3. Is the MAP a party that can sue under the MSP law? Yes. The MSP law’s private cause of action does not identify who the plaintiff can be. It does identify the defendant, a primary plan that fails, but it that’s it. The court ruled as it did because there was no compelling reason to exclude a MAP. While prior decisions did rule and reject a MAP’s right to being a cause of action, those cases were interpreted under the United States right to litigate which is senate and apart from the private cause of action. As his Honor pointed out there is nothing private about an action by the United States.
4. Is the primary plan aware of the obligation? Yes. They were and rejected responsibility based on their interpretation of the law. The record was therefore absent of any issues involved how notice is to be provided and discussion over administrative appeal rights.
As we all know, his Honor ruled in favor of Humana because the statute was clear on its face. Judge Yeakel pointed out that he did not use Chevron Deference as a basis for his ruling and he expressed his concern about applying such a rule when matters did not involve technical and scientific matters before the court. His stern response was clear that the case was simply decided based on the statutory construction of the law based on its plain meaning.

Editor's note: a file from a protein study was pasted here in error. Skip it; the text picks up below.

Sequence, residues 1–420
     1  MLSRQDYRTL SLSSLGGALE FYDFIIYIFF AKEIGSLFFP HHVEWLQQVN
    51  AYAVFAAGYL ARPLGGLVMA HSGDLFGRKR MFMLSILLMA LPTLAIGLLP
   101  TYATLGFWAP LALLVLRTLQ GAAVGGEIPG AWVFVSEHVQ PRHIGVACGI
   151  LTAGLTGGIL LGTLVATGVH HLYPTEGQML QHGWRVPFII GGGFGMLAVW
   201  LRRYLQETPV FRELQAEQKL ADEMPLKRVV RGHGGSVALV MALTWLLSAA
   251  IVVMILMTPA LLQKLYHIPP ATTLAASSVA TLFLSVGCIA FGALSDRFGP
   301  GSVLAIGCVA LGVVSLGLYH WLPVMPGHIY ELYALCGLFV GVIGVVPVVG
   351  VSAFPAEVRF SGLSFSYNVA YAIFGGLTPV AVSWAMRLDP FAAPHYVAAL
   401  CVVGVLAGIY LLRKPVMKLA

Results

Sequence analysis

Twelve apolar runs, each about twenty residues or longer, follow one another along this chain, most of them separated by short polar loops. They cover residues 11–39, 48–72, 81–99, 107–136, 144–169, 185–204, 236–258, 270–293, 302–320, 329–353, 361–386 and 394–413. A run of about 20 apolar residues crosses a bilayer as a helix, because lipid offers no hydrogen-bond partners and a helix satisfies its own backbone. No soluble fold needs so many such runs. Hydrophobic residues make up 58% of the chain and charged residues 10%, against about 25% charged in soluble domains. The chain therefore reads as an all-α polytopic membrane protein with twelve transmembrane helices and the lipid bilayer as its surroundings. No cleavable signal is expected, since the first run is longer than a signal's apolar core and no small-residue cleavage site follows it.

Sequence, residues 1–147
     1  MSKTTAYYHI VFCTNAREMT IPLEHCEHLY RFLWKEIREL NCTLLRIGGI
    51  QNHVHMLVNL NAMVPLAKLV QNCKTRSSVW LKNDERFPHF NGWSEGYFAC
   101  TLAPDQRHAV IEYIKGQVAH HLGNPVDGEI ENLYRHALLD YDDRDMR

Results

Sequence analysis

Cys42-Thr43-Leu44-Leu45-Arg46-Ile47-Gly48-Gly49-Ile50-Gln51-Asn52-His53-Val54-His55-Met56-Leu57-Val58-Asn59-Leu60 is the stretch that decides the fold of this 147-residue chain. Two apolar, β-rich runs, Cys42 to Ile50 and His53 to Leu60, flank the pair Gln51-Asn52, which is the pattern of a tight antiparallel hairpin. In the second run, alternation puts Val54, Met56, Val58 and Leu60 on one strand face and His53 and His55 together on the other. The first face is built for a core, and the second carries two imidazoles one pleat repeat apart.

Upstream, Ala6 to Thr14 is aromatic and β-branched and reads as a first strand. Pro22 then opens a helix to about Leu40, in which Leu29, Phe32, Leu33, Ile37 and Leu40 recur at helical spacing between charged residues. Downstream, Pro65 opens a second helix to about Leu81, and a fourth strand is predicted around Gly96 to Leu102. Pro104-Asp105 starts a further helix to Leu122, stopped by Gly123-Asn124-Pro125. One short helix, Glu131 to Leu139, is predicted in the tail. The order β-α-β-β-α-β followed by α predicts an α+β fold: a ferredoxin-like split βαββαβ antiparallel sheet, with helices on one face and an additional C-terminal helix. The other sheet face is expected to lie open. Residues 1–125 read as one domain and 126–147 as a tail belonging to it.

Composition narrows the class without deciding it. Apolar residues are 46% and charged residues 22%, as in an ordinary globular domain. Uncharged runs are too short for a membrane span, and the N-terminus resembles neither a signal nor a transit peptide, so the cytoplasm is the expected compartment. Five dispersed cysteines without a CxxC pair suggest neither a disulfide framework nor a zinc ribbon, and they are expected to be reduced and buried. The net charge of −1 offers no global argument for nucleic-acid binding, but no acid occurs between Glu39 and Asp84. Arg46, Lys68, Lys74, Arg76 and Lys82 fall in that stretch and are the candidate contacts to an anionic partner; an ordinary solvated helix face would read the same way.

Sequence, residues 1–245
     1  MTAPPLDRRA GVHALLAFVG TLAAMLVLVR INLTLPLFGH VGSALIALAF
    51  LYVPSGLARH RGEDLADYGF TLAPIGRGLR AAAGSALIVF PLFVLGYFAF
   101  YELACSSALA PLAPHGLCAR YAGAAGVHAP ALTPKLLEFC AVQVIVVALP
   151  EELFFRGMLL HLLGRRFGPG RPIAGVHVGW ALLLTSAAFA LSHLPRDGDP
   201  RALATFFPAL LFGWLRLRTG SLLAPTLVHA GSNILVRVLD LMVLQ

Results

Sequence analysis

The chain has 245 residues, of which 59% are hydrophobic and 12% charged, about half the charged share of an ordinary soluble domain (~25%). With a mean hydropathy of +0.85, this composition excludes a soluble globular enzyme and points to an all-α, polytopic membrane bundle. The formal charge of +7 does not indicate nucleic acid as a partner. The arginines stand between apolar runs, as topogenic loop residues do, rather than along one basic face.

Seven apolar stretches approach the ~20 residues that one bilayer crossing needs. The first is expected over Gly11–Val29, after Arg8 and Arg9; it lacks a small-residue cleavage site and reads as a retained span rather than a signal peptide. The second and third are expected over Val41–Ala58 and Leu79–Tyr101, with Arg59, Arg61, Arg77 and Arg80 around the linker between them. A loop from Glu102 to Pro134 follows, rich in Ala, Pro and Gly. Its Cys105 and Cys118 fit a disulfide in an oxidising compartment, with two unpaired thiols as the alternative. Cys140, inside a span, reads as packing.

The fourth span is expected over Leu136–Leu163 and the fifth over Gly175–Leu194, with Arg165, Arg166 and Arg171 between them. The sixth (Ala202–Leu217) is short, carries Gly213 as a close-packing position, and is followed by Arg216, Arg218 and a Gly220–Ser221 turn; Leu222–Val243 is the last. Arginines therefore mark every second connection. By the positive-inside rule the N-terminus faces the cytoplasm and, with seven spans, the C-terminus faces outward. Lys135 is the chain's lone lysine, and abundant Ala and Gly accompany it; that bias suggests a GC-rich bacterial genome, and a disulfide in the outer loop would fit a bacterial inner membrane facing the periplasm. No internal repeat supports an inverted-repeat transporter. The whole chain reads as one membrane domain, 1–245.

The take-away from the panel was that Parties must prepare a good record to allow those issues to be addressed. For example, here are some issues that should be looked at in any MAP claim presented or subject to the private cause of action:
1. Was a claim for benefits presented to the primary plan, and if so, did the MAP provide clear evidence for the basis to disclose absent a HIPAA release from claimant?
2. Does the MAP claim detail administrative appeal rights granted to primary plan or does it fail for lack of providing method of due process?
3. Do claims go beyond what is covered by an item or service by traditional Medicare? If a MAP has the same recovery rights as the Secretary, then those rights by definition has to be limited to what traditional Medicare pays and not the generous add on benefits that go beyond MSP recovery rights.
4. Is the claim ripe? If there are defenses to the underlying loss have those been brought to the court’s or the MAP’s attention? For example, if a loss would not be paid because it does not comply with claim procedure rules as outlined by the Agreement or the claim is subject to investigation, then don’t we have a Caldera style defense?
Bottom-line take away is to not ignore MAP communications, but rather analyze them appropriately and establish a plan to defend if there is a decision to not pay. Your defense to not pay is inadequate if reliance is placed on the fact that the Medicare beneficiary has received the money. 42 CFR 411.24(i) will neutralize that position. Valid defenses that the policy will not allow the claim to go forward is much stronger. Do not allow your management of MAPs be carried away by intoxication of policy arguments. Stick to clear defenses, and join advocacy groups like the MARC Coalition to line up policy and the law.
Feel free to contact us for all MAP issues you may have at email@example.com.
Chief Client Officer